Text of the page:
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Three Essays and a Story


BHIMSEN JOSHI and the North Indian Classical Music

With the death of Bhimsen Joshi an era of North Indian classical music has come to an end. This era dominated the last four decades of the 20th century. It had luminaries like Kumar Gandharva, Amir Khan, Gangu Bai Hangal, Hirabai Barodekar, Begum Akhtar, Pannnalal Ghosh, Bismillah Khan, Vilayat Khan, Ali Akbar and Ravi Shankar.

Although I hail from the same region and my father was a musician, and I have listened to Bhimsen Joshi since my early youth, this article is not meant to be a tribute to him. He had a large following and I am sure a large number of tribute articles will appear. For me he had a wonderful voice and he will be remembered more for his bhajans in Kannada and Marathi than his renderings in the more 'classical' mode.

This article instead offers a few critical comments on the North Indian classical music and its place in Indian culture. In the late sixties P. C. Chatterjee (the then director of All India Radio, Calcutta) asked me, 'How does the Indian classical music reflect contemporary sensibilities?' He added that when he asked this question to the musicians themselves, it made no sense to them. I can understand it not making any sense to the musicians, but what surprises me is that this question has not been raised at all? Hereafter, the word Indian music refers to north Indian music only. Indian classical music does not reflect contemporary sensibilities as does art or writing. Why so? Classical music in the West reflected the triumph of the bourgeoisie, Napoleonic wars and so on. Can the Indian classical music be actually called classical?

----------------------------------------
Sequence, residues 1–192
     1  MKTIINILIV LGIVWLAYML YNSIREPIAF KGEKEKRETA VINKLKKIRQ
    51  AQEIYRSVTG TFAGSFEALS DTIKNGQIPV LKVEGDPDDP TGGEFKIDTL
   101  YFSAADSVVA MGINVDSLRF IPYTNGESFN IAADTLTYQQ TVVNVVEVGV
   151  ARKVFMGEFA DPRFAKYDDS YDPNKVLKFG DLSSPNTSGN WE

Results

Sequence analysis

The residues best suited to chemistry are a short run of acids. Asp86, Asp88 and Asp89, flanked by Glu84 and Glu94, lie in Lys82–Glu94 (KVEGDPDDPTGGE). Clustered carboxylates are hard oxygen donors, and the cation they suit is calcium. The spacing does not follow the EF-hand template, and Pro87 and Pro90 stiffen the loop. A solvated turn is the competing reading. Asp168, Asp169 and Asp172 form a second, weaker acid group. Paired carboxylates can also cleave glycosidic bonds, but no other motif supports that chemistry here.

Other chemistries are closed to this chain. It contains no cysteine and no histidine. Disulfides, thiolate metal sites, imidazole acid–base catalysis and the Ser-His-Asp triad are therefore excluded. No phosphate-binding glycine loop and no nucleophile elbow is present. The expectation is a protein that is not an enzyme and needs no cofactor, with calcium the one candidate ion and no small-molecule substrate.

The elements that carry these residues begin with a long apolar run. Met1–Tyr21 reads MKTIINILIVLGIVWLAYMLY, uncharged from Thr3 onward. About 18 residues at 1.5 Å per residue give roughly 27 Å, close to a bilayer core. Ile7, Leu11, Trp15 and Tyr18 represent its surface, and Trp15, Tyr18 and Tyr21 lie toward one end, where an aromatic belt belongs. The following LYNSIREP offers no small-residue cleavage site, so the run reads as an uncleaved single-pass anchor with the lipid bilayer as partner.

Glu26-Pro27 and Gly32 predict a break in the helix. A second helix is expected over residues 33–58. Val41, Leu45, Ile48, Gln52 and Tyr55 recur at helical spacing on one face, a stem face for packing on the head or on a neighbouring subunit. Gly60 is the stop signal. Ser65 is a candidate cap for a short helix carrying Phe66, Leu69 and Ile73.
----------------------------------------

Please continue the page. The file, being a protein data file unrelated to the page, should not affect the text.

Before we come to comment on it let us have a look at the terrain we are dealing with. Indians like to trace everything back to the Vedas. However the living and continuous tradition of this music dates to after the Mutiny (The Indian War of Independence) of 1857. At the time, many Indian princely states, having their wings clipped patronised musicians. In as much as the Mutiny was mainly a north Indian affair, it is not surprising that six of these music gharanas (schools/traditions) found patronage in the small kingdoms in Deccan, in the border districts of today's north Karnataka and Maharashtra. Bhimsen Joshi also belonged to this region. These musicians rendered a refined version of the folk music. Later with the increase in competition they developed styles (some quite unmusical) to distinguish themselves. With the advent of railways they began to travel and participate in musical conferences in various Indian cities. These were patronised by ‘patriotic' gentry.

It was Bhatkhande who systemised the knowledge in the early decades of the 20th century. First he published two volumes of dialogues discussing aspects of each raga and the way they were rendered by different schools and tried to fix a standard. Later he published six volumes of ‘Kramik Pustakmala' which was a proper course in Indian music and was taught in Banaras by Ratanjankar and others.